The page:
While the defining characteristics of an entrepreneur–grit, passion, creativity, a will of steel, and the unwavering motivation to always shoot for the stars–may not come naturally to most of us, anyone looking to innovate and succeed can apply entrepreneurial attitudes and skills to achieve short- and long-term career goals.
As the director of talent at IAC, parent to both large technology companies and emerging players, I see firsthand the qualities of executives who rise to the top, and there are some consistent traits that map to those key ingredients of entrepreneurialism that cut across gender, race, religion, or academic background. These traits are what I look for as I’m hunting to fill that next big leadership role at one of our portfolio companies.
1. Look for challenges and run headfirst into them
The hallmark of an entrepreneur is a willingness to embrace risk. So, get comfortable being uncomfortable. Do what you fear most. Then do it again. And again. Hate public speaking? Start asking questions at your regular Town Hall. Think you’re bad with numbers? Volunteer to start helping with the budgeting process for your department. Get social anxiety at networking events? Grab a buddy and start making the rounds. As you start taking on meatier and business-focused obstacles, take note of how you rose to these, what the results were, and illuminate those results. Even if you didn’t overcome the challenge completely, you will come away with new skills and a reputation as having the ability and courage to do more.
2. Always act like the underdog
Being the incumbent has its advantages, but so does being forced to constantly punch above your weight. At larger companies, it’s important to be hyper-aware of competitive threats and quickly changing trends with a healthy dose of founder paranoia. Being an intrapreneur also means tapping in to that creativity to get things done quickly with very little resources. Though you may have the luxury of an adequate budget, spending money like it’s your own will help you be extra judicious in making sure your company gets the biggest bang for its buck. And document any cost savings for future discussion with decision makers.
3. Conflict is your friend
Founders fight for what they believe in. While you shouldn’t go looking for battles for the sake of a good argument, don’t shy away from tough, intellectually honest debate. This is often where the magic happens. Watch and learn from those who argue their point of view effectively, with passion, conviction, and kindness. Research, prepare, and practice your point of view, especially if you have to sell it. Always remain empathetic and self-aware (this includes knowing when to cut bait), but lean into opportunities where your knowledge, expertise, or access gives you a unique edge, and you can fight for something you believe in.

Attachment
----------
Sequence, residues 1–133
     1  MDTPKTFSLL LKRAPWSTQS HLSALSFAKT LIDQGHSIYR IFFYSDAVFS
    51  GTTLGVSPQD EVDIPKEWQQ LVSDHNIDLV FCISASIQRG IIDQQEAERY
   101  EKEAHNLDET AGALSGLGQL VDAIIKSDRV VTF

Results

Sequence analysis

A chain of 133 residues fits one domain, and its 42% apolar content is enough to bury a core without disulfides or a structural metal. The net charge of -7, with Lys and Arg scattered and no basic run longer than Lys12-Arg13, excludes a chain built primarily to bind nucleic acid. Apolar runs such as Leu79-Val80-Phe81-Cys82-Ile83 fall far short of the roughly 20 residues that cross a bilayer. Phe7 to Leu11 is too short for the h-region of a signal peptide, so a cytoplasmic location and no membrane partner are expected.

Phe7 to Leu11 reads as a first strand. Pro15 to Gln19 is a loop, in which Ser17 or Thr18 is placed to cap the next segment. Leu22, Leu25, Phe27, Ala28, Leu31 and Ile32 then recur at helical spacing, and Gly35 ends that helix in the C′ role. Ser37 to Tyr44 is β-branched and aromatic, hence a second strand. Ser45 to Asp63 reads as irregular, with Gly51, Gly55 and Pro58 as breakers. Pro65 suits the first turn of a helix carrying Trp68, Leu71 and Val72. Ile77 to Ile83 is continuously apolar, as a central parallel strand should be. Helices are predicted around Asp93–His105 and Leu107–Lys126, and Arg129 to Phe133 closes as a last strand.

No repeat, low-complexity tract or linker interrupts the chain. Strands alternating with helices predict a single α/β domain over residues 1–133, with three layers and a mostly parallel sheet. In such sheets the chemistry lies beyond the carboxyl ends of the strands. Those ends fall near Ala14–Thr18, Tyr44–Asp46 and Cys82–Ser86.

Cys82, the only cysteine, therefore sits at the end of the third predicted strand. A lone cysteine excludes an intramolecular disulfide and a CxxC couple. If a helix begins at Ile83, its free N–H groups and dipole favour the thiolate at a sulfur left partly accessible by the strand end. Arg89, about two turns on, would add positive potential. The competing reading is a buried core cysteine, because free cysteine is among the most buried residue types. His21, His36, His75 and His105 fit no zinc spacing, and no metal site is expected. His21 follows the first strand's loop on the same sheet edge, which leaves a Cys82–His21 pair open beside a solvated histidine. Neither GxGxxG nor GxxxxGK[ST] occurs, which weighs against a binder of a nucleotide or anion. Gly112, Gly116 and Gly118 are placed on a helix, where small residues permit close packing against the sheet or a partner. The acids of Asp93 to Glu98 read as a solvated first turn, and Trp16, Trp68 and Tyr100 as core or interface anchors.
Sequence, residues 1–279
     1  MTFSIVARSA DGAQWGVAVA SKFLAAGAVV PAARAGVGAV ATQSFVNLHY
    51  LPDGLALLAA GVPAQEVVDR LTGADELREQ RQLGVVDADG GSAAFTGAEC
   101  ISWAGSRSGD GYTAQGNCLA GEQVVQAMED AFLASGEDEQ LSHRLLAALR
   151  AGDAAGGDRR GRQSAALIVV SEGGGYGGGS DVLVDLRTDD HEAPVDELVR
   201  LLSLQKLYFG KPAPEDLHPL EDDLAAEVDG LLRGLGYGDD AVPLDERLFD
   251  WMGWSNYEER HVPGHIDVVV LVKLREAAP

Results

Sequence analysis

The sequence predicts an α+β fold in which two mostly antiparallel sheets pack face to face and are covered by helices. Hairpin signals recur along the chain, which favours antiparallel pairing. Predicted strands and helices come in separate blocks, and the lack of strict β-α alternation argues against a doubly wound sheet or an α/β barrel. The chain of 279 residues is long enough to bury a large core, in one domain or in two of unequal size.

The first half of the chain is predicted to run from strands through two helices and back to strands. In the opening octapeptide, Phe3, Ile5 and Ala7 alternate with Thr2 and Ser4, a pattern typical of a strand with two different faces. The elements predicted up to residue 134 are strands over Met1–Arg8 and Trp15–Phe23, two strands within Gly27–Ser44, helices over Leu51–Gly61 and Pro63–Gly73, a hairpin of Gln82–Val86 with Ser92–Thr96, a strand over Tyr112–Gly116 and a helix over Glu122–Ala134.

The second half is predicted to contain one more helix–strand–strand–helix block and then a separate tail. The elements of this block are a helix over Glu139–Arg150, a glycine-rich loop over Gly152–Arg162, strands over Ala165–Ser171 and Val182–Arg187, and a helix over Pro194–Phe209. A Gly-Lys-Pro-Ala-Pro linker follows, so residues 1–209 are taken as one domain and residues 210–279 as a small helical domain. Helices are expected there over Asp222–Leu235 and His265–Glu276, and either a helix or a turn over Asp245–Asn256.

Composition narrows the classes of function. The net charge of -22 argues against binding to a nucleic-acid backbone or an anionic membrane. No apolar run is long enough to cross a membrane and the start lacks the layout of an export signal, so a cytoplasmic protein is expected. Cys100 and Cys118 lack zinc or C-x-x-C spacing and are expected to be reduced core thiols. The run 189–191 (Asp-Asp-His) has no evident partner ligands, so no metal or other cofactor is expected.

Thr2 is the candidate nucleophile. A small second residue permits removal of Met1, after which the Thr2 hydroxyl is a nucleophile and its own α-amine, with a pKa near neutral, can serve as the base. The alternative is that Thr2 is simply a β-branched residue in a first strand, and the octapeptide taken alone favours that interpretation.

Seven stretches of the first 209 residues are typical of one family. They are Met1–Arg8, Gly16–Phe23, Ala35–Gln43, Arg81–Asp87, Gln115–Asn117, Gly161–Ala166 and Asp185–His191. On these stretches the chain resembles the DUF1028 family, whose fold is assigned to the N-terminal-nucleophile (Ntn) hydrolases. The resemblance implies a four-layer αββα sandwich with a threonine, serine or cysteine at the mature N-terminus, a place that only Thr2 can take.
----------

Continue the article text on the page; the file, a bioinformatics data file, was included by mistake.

4. Be willing to unlearn what you thought you knew
Both entrepreneurs and corporate leaders can fall victim to hanging onto ideas they have an emotional attachment to, or processes they are comfortable with. Whether it’s allowing the passion for your product vision cloud reality or automatically falling in line with, “Well, this is the way we’ve always done things,” it can be difficult to let go of ideas or beliefs that you hold dear. We all collect handed wisdom throughout our careers, but highly effective leaders are constantly questioning both those assumptions and the status quo. Don’t be afraid to deprogram yourself or abruptly shift course. Don’t be afraid to contradict yourself if the circumstances and data call for it. Having a startup mentality means being able to accept change at a fast pace, and your ability to succeed relies on the fact that nothing can be sacred.
5. Embrace a non-linear path
There are countless examples of leaders whose career paths are anything but ordinary or expected. Meaningful progress isn’t always a straight line, and your path getting where you want to go might take you somewhere else entirely. When practicing a startup mentality, the willingness to put aside or revisit what you thought you wanted might very well open a diverse array of opportunities. Be focused in your approach and establish goals, but with a degree of balance, as rooting yourself to narrow or specific goals may close you off to potential opportunity.
Sharfi Farhana is director of talent at IAC.